God’s Will: Your Holiness

1 Finally, then, brothers, we ask and urge you in the Lord Jesus, that as you received from us how you ought to walk and to please God, just as you are doing, that you do so more and more. For you know what instructions we gave you through the Lord Jesus. For this is the will of God, your sanctification: that you abstain from sexual immorality; that each one of you know how to control his own body in holiness and honor, not in the passion of lust like the Gentiles who do not know God; that no one transgress and wrong his brother in this matter, because the Lord is an avenger in all these things, as we told you beforehand and solemnly warned you. For God has not called us for impurity, but in holiness. Therefore whoever disregards this, disregards not man but God, who gives his Holy Spirit to you. – 1 Thessalonians 4:1-8 ESV

The chapter and verse designations found in our English translations were not In the original letter sent by Paul to the Thessalonians. So, the rather abrupt break we find between the close of chapter 3 and the beginning of chapter four would not have been there. And that artificially imposed structure on the letter can cause some unnecessary confusion when trying to determine Paul’s intent and meaning.

Chapter three ends with Paul expressing his strong desire that God increase the love of Thessalonian believers for one another and for those outside their fellowship. And his prayer is that God would “establish your hearts blameless in holiness before our God and Father, at the coming of our Lord Jesus with all his saints” (1 Thessalonians 3:13 ESV). Paul’s concern is that they live loves marked by love and godliness. He longs to see their inner heart transformation manifest itself through external expressions that give evidence to their holiness.

And Paul carries that thought into the next paragraph. The word “finally” is translated from the Greek word loipon, which can have a wide range of meanings, depending upon the context. It could be translated, “in addition” or “moreover.” Paul is expanding on what he has just said. He’s adding to his thoughts by providing his readers with further counsel regarding the link between their status as believers in Jesus Christ and the behavior that marks their lives. Paul had previously provided them with instructions in how “to walk and to please God,” and he commends them for having done so. But he also encourages them to “do so more and more” (1 Thessalonians 4:1 ESV). They were not to grow complacent or content. This was no time to rest on their laurels or to become satisfied with the current condition of their spiritual lives.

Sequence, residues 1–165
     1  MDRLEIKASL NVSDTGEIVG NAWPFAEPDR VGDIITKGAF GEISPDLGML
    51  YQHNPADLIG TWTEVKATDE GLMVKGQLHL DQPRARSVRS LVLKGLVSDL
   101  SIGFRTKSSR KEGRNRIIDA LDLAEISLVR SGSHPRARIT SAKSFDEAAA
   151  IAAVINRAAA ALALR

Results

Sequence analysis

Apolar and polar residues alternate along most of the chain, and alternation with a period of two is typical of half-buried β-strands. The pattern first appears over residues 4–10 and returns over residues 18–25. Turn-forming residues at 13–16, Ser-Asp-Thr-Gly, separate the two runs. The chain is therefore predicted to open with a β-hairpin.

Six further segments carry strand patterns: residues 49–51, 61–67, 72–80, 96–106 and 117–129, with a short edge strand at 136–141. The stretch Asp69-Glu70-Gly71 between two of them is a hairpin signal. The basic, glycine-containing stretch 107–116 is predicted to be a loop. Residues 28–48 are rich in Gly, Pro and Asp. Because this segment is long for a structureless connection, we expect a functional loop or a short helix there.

And it must be noted how Paul weaves together two very important aspects regarding the Christian’s spiritual maturity. At the close of chapter three, he expressed his firm belief that it was God alone who could increase the level of their love and cause it to overflow. And only God could make their hearts strong, blameless, and holy. The inner transformation of their lives was totally dependent upon divine power, not human effort. It was impossible for them to manufacture, through human means, the kind of love God demanded. There is no way that they could repair the sin-damaged condition of their own hearts through self-renovation. Man is incapable of seeing the true state of his inner life. As the prophet Jeremiah put it, “The human heart is the most deceitful of all things, and desperately wicked. Who really knows how bad it is?” (Jeremiah 17:9 NLT). And even if he could see how wicked his heart is, man is powerless to do anything about it. That’s the meaning behind a comment made by God regarding the people of Judah and recorded in the book of Jeremiah.